Soliped to Solvent

(Sol"i*ped) n. [Cf. F. solipède, It. solipede, Sp. solipedo; apparently fr. L. solus alone + pes, pedis, a foot; but probably fr. L. solidipes solid-footed, whole-hoofed. See Solid, and Pedal.] (Zoöl.) A mammal having a single hoof on each foot, as the horses and asses; a solidungulate. [Written also solipede.]

The solipeds, or firm-hoofed animals, as horses, asses, and mules, etc., — they are, also, in mighty number.
Sir T. Browne.

(So*lip"e*dous) a. Having single hoofs.

(So*lip"sism) n. [L. solus alone + ipse self.]

1. (Ethics) Egotism. Krauth-Fleming.

2. (Metaph.) Egoism. Krauth- Fleming.

(Sol`i*se"qui*ous) a. [L. sol sun + sequi to follow.] Following the course of the sun; as, solisequious plants. [R.] Sir T. Browne.

(Sol`i*taire") n. [F. See Solitary.]

1. A person who lives in solitude; a recluse; a hermit. Pope.

2. A single diamond in a setting; also, sometimes, a precious stone of any kind set alone.

Diamond solitaires blazing on his breast and wrists.
Mrs. R. H. Davis.

3. A game which one person can play alone; — applied to many games of cards, etc.; also, to a game played on a board with pegs or balls, in which the object is, beginning with all the places filled except one, to remove all but one of the pieces by "jumping," as in draughts.

4. (Zoöl.) (a) A large extinct bird (Pezophaps solitaria) which formerly inhabited the islands of Mauritius and Rodrigeuz. It was larger and taller than the wild turkey. Its wings were too small for flight. Called also solitary. (b) Any species of American thrushlike birds of the genus Myadestes. They are noted their sweet songs and retiring habits. Called also fly-catching thrush. A West Indian species (Myadestes sibilans) is called the invisible bird.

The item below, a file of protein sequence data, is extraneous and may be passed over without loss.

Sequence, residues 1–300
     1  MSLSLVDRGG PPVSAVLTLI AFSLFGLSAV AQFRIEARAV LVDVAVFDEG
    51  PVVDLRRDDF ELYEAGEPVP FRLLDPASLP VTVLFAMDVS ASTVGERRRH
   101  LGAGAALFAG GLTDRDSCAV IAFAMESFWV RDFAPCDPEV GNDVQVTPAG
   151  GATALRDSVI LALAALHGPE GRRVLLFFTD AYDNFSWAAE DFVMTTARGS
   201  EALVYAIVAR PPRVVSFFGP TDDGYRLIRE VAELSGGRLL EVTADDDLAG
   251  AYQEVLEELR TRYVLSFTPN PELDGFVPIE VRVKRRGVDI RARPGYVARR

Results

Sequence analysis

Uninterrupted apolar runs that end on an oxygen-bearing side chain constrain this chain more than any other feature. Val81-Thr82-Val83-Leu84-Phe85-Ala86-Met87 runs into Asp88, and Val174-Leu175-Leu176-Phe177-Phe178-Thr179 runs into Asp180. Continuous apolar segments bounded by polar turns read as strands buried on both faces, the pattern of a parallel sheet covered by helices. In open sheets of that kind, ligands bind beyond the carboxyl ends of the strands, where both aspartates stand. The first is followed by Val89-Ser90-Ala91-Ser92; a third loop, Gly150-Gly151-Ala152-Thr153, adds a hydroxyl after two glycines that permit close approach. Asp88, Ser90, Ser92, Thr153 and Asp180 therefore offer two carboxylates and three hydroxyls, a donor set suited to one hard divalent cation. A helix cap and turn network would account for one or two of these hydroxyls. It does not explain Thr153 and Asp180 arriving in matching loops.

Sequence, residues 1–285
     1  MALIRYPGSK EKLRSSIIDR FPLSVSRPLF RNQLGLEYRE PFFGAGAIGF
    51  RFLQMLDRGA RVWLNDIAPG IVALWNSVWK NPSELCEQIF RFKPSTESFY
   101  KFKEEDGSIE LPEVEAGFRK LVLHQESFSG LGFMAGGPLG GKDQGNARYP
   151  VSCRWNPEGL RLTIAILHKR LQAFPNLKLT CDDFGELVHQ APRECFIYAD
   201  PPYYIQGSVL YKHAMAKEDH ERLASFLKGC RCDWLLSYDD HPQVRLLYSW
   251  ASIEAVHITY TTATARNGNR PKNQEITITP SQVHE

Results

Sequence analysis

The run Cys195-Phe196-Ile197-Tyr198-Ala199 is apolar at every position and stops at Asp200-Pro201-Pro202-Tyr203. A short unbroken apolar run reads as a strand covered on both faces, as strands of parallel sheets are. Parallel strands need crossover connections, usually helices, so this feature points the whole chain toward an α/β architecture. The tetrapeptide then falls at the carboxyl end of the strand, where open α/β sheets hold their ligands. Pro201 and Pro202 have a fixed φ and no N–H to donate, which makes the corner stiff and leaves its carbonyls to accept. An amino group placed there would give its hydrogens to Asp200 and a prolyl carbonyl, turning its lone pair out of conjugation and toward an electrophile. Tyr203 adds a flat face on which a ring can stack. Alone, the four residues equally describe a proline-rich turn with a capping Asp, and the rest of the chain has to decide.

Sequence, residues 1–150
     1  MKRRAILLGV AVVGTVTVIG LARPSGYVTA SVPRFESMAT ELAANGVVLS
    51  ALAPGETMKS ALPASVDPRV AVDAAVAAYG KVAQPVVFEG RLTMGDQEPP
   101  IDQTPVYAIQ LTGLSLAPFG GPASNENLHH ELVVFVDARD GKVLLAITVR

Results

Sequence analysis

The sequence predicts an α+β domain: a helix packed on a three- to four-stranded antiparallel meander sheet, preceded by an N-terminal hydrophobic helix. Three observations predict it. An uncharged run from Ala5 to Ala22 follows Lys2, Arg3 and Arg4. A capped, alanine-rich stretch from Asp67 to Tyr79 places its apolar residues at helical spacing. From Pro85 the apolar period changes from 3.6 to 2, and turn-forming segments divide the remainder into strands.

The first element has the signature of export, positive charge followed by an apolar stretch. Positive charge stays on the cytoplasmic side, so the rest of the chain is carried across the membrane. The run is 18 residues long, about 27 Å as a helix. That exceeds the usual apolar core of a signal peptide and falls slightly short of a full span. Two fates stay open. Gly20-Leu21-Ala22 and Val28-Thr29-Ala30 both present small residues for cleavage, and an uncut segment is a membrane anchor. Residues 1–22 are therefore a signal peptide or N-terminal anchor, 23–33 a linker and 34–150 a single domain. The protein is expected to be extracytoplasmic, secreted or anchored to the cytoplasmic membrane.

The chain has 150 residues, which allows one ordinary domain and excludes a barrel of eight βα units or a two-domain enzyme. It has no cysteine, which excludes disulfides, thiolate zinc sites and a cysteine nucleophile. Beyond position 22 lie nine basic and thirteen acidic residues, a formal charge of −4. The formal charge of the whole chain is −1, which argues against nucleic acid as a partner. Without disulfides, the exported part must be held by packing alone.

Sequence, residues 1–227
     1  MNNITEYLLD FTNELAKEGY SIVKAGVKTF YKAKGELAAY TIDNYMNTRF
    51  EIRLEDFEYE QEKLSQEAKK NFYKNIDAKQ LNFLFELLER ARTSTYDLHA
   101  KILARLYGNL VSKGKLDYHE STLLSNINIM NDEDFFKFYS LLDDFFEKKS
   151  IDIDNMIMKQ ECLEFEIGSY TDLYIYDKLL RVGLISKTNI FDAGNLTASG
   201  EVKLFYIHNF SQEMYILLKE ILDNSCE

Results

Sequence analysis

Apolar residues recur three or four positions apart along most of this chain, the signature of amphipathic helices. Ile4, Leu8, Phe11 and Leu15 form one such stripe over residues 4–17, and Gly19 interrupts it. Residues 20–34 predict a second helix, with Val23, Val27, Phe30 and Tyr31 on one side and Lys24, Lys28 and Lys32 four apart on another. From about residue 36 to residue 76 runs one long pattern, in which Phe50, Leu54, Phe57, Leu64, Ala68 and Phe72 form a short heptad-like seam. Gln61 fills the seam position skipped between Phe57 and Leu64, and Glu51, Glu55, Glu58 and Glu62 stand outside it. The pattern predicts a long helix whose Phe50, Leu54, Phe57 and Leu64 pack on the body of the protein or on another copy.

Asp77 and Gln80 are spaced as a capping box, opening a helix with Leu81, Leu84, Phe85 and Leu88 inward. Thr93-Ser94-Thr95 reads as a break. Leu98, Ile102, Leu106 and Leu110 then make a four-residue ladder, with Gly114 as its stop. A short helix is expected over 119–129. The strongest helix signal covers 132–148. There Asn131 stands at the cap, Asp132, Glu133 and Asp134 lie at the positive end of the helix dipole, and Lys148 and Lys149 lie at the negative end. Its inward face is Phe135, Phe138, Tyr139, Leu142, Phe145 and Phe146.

(Sol`i*ta"ri*an) n. [See Solitary.] A hermit; a solitary. [Obs.] Sir R. Twisden.

(Sol`i*ta*ri"e*ty) n. The state of being solitary; solitariness. [Obs.] Cudworth.

(Sol"i*ta*ri*ly) adv. In a solitary manner; in solitude; alone. Mic. vii. 14.

(Sol"i*ta*ri*ness), n. Condition of being solitary.

(Sol"i*ta*ry) a. [L. solitarius, fr. solus alone: cf. F. solitaire. See Sole, a., and cf. Solitaire.]

1. Living or being by one's self; having no companion present; being without associates; single; alone; lonely.

Those rare and solitary, these in flocks.

Hie home unto my chamber,
Where thou shalt find me, sad and solitary.

2. Performed, passed, or endured alone; as, a solitary journey; a solitary life.

Satan . . . explores his solitary flight.

  By PanEris using Melati.

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